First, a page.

Pathophysiology of Acid Base Regulation
The need for the existence of multiple mechanisms involved in acid-base regulation stems from the critical importance of the hydrogen ion (H+) concentration on the operation of many cellular enzymes and function of vital organs, most prominently the brain and the heart . The task imposed on the mechanisms that maintain acid-base homeostasis is large since metabolic pathways are continuously consuming or producing H+, and the daily load of waste products for excretion in the form of volatile (carbonic acid) and fixed acids is substantial. The equilibrium reaction of water and CO2, the end product of oxidative metabolism, results in the daily formation of large amounts of carbonic acid, approximately 15,000 mEq/day . The acceptance of the H+ derived from carbonic acid by haemoglobin results in the transformation of carbonic acid into bicarbonate, and this ion transports ∼ 80% of the CO2 added to the blood from the peripheral tissues to the lungs. As red cells reach the lungs and oxygen is taken up by haemoglobin, H+ is released decomposing bicarbonate into CO2 that diffuses into the alveoli for final excretion. The presence of carbonic anhydrase in red cells facilitates bicarbonate generation in peripheral tissues and decomposition in the lungs, speeding up the mechanisms of blood CO2 loading and unloading.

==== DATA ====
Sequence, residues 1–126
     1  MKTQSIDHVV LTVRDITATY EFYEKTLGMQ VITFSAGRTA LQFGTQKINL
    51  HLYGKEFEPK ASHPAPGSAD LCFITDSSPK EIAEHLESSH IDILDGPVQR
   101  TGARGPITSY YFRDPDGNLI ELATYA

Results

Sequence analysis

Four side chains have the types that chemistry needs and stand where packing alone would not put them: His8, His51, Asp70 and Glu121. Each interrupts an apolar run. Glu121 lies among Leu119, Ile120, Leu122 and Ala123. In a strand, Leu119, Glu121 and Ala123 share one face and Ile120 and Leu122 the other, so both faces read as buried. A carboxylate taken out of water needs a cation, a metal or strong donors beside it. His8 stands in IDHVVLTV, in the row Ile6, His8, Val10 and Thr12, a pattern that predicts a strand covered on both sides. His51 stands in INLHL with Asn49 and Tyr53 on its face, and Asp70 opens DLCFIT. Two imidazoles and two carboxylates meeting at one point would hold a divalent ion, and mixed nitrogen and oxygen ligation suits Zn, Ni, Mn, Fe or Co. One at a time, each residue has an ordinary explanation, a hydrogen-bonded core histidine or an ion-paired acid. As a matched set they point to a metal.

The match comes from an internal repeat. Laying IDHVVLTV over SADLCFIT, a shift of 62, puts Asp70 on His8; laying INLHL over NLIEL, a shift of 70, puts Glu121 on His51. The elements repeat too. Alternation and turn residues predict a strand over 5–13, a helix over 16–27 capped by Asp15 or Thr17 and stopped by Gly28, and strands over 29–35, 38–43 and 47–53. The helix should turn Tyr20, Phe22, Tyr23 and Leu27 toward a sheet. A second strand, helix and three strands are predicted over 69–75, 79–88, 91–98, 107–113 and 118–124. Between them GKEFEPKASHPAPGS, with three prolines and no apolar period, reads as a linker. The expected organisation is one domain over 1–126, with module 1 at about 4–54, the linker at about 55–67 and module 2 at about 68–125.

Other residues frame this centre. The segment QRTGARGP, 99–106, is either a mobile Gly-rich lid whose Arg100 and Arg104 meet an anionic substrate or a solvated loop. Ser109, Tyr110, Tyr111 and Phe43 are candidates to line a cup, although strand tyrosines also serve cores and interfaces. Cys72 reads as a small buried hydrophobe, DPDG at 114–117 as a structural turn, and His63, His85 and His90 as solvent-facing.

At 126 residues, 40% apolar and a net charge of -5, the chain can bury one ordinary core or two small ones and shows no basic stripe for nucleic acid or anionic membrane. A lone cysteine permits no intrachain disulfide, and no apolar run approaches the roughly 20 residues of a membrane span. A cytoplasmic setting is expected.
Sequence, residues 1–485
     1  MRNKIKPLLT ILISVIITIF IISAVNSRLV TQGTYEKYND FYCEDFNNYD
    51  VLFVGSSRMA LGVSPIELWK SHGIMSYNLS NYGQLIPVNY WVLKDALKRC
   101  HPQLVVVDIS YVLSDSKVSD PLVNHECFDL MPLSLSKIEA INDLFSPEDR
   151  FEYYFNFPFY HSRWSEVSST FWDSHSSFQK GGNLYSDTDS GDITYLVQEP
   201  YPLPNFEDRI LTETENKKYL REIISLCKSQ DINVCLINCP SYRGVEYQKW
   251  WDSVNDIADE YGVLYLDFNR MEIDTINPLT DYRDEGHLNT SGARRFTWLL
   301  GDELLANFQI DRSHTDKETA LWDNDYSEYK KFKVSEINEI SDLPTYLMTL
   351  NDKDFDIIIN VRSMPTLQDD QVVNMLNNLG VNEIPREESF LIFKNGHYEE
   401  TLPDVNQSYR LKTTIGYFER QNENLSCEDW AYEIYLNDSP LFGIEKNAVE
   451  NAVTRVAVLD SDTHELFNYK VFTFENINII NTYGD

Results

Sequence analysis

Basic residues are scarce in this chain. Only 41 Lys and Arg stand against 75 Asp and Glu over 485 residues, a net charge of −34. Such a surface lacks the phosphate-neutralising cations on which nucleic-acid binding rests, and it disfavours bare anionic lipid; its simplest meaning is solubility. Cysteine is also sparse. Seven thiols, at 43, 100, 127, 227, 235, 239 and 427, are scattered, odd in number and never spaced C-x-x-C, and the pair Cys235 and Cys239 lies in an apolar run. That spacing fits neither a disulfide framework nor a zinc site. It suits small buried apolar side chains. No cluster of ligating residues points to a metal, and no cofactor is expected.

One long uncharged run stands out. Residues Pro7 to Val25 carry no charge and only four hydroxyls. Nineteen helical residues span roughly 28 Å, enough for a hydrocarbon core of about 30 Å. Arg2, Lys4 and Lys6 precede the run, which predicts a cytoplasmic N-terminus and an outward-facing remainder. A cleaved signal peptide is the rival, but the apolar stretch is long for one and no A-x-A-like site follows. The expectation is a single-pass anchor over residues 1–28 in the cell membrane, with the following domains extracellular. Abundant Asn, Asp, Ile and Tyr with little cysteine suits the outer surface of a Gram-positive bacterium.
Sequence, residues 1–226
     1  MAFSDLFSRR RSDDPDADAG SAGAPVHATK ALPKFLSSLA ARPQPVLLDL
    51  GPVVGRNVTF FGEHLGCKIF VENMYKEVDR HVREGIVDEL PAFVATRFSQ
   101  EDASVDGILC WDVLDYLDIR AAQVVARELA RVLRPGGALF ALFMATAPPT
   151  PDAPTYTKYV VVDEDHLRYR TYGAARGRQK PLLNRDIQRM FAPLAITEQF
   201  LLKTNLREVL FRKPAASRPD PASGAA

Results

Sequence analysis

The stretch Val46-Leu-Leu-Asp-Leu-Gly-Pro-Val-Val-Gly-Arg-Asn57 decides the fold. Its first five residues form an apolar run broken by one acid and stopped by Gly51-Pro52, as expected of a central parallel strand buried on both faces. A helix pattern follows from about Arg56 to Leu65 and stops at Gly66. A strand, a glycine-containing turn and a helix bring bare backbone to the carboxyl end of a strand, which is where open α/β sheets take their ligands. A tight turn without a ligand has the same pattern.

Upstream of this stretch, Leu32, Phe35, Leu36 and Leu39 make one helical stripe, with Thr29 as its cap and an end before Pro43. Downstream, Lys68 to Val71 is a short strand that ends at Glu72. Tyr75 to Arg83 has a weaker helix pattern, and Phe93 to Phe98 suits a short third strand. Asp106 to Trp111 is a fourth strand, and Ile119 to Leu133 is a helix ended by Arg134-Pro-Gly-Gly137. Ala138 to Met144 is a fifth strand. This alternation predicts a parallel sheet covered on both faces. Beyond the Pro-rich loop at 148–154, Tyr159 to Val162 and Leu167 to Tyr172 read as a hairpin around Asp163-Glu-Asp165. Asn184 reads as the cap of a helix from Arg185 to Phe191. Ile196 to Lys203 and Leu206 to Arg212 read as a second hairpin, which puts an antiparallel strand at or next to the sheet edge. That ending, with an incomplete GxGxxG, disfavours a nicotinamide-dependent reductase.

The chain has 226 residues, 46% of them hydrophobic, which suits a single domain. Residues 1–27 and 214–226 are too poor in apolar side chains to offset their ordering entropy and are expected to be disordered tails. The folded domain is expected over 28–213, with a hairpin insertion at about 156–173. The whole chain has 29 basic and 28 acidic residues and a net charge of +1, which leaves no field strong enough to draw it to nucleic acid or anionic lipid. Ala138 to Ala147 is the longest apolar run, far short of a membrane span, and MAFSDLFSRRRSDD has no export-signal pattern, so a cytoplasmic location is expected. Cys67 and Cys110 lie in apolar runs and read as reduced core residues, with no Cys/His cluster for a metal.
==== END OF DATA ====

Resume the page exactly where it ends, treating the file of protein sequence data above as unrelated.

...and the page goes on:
KeywordsMetabolic Acidosis Lactic Acidosis Metabolic Alkalosis Urea Synthesis Fixed Acid
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